7. TerryRL

    TerryRL Producer

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    Great points all around.

    I can see why a studio would favor a front-loaded movie as opposed to one that had legs. Still, I'm more impressed by a movie that does huge business over a reasonable period of time compared to one that does 90% of it's business in it's first two weeks of release.

    But I do see why studios prefer it that way, especially on the "bigger" movies.
     
  8. Anthony Hom

    Anthony Hom Supporting Actor

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    I think the box office totals are not as critical anymore. There was a time when that's all they have. Some films that sold moderately had even bigger legs in the home video market. A good example of this is the Matrix.

    You can bet that WB is not going to be as concerned that this will not be the biggest box office draw of all time, but rather the biggest home video draw, getting that lucrative family market along with merchandising.

    In a way, the big box office hype is a marketing promotion for future home video sales.
     
  9. Seth Paxton

    Seth Paxton Lead Actor

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    I think most of us agree that films with no legs are a bad thing and sadly too common the last few years.
    Besides the good front-end percentage I think another reason why studios like this approach is because they have more control over the opening weekend than they do on overall success.
    Meaning that with star power, buzz, adverts, total screens opened on, etc. the studio has more of a hand in how much they can get from the film "product" than in gambling on the artists themselves.
    The formula for good opening weekends is much more reliable than the formula for making a good film.
    Too bad for us really.
    edit - my post should just be called "What Michael said." [​IMG]
     
  10. TerryRL

    TerryRL Producer

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    Studios are making crazy amounts of money from video and DVD sales and rentals. What's funny is that the major studios are still able to make a ton of money off of major flops because of the home video market. A movie like "Dark City", which was a considerable box office disappointment, was able to make more on home video than it did in theaters.

    Anthony's point is a very valid one, and speaks volums about the nature of the current studio system. Take Fox for example, they get nothing from the theatrical run of AOTC, but they get a big share of the video and DVD rights, that is where they made their money.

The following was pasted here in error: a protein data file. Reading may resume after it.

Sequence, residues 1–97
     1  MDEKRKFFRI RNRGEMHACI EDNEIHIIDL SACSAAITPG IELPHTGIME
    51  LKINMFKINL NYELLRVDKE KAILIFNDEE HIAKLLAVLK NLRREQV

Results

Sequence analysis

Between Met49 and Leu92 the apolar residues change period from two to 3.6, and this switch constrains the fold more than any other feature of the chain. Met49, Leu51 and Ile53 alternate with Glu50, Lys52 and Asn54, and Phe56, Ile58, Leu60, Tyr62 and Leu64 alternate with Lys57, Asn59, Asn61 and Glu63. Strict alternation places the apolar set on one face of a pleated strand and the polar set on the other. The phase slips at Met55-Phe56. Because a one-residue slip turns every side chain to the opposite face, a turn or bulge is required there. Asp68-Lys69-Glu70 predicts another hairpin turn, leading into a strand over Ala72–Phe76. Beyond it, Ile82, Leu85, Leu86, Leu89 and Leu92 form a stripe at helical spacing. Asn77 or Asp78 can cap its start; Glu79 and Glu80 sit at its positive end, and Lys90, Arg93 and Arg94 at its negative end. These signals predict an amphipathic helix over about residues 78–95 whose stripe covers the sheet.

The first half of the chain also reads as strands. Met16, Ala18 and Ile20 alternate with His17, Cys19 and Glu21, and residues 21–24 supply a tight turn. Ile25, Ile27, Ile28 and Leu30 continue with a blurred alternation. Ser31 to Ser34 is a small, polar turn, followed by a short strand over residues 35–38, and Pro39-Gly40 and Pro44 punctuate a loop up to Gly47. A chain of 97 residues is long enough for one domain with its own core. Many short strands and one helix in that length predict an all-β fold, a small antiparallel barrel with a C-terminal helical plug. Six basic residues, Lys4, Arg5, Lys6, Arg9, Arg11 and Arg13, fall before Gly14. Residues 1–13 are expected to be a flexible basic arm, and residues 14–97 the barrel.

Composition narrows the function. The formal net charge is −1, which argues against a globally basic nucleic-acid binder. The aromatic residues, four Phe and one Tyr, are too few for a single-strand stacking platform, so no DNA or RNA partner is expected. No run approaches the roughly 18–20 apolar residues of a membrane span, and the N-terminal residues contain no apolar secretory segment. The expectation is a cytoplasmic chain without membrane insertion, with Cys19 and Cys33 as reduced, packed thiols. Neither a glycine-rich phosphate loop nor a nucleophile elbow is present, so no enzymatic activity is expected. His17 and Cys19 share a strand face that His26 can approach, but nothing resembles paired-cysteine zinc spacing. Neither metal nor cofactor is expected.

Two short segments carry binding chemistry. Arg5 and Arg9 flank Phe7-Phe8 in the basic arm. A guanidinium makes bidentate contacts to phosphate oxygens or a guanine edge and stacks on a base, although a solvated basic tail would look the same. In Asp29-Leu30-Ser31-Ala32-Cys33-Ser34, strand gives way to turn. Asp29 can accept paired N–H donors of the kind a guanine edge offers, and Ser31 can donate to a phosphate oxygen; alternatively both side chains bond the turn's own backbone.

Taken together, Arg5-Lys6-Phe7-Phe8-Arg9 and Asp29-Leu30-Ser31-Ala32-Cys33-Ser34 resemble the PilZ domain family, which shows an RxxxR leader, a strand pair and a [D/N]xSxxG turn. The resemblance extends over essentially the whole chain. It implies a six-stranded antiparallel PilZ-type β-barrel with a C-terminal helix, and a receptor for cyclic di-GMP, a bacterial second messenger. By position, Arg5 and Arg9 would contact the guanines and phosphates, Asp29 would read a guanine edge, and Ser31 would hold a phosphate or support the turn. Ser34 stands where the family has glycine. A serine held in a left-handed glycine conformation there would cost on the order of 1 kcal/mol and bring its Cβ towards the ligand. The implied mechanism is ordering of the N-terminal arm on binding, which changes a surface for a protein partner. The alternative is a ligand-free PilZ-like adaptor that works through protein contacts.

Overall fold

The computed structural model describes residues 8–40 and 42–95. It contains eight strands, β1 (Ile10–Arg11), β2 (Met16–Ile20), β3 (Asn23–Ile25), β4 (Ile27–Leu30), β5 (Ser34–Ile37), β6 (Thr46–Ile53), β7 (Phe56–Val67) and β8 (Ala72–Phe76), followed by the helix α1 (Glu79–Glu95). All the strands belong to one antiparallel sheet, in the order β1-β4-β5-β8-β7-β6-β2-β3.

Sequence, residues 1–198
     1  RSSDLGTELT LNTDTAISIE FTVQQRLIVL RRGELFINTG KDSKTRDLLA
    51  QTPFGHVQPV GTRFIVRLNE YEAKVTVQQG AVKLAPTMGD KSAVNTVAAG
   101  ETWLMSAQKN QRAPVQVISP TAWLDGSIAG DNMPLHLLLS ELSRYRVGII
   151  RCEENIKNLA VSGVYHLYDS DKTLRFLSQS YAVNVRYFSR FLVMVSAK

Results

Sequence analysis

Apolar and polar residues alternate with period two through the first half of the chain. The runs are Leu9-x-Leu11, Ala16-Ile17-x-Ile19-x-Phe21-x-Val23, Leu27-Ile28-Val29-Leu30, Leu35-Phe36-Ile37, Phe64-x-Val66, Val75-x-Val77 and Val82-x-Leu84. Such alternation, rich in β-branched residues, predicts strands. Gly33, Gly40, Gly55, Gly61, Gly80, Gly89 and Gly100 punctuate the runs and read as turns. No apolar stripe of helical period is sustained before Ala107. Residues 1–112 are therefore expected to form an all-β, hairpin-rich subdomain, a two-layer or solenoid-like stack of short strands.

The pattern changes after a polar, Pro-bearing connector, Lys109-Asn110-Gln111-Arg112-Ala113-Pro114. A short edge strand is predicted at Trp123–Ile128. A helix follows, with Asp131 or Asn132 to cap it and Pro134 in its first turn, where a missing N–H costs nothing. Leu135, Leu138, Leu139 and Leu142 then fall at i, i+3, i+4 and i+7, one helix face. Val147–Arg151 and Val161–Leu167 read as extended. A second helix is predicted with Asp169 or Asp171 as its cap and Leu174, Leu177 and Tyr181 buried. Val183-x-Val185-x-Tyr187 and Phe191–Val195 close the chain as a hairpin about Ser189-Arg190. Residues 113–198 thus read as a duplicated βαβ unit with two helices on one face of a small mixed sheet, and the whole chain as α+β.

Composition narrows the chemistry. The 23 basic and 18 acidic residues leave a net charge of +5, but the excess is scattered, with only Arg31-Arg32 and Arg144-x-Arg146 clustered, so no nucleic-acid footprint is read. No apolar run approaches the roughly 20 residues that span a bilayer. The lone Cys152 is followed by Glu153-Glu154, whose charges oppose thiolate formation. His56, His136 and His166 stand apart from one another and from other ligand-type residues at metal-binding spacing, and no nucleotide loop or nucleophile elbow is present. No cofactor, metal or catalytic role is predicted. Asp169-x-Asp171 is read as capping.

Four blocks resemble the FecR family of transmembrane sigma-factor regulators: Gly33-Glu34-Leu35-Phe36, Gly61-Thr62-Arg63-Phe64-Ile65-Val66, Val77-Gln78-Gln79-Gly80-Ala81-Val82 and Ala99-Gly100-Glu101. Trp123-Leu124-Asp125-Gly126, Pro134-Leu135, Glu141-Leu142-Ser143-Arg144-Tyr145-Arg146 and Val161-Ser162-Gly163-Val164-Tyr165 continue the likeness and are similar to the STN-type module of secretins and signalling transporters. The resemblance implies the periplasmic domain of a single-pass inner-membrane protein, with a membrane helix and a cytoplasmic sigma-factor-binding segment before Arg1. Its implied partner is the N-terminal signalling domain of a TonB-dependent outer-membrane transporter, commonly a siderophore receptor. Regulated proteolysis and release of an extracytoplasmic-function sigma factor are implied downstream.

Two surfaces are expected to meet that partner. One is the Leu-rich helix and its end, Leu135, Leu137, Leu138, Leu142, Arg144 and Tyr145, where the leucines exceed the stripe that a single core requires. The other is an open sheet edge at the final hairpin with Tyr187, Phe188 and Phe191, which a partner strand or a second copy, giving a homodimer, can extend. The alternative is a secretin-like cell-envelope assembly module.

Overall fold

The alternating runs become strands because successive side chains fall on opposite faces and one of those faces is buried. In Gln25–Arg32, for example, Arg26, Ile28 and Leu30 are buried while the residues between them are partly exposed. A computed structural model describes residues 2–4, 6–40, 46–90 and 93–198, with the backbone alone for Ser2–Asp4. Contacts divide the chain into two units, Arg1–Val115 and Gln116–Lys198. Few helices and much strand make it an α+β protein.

"X-Men" was a big hit for them, but the bulk of it's profits came from the home video market. The same goes for "Cast Away".

    Both Seth and Michael hit upon how a film's box office run, is more about a major PR blitz than anything else. That's true, a film's theatrical run seems to be nothing more than a giant ad for the film's future video/DVD prospects.

    In the last couple of months, there have been new home video sales records every week it seems as films like "Snow White", "The Phantom Menace", "The Godfather" Saga, "Shrek", "The Mummy Returns", and "The Grinch" have all made enormous amounts of coin from their VHS/DVD sales.

    Expect this trend to continue with "Pearl Harbor", "Rush Hour 2", and "Jurassic Park III". Home video is big business and has become the most lucrative branch of all the major studios, with theatrical releases serving nothing more than a marketing tool.

    Damn good observation Anthony.
     
  11. Steve_Ch

    Steve_Ch Supporting Actor

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    >>What I'm saying is that too much emphasis is put on a movie's opening. Opening weekends are important, but I think more emphasis should be put on a film's legs, but that's just me.
     
  12. Steve_Ch

    Steve_Ch Supporting Actor

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    Typo correction:

    "did not purposedly write better screenplays", should be "BAD screenplays", not "better", sorry.
     
  13. Michael Reuben

    Michael Reuben Studio Mogul

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    Sounds like William Goldman, whose most famous quotation about Hollywood is "Nobody knows anything!"
    M.
     
  14. TerryRL

    TerryRL Producer

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    The major studios each pull in billions of dollars every year from box office, video sales/rentals, merchandising, television rights, ad revenue, and the booming overseas marking that they can easily afford to pay the top actors the top fees.

    Take "Signs" for example. M. Night Shyamalan got $10 million for writing and directing the movie. Mel Gibson got $25 million for starring in it, and Joaquin Phoenix got $5 million for his supporting role. That's $40 million just to secure three people. The film's production cost is said to be in the "area" of an additional $40 million, with another $25 million (at least) for the film's marketing costs.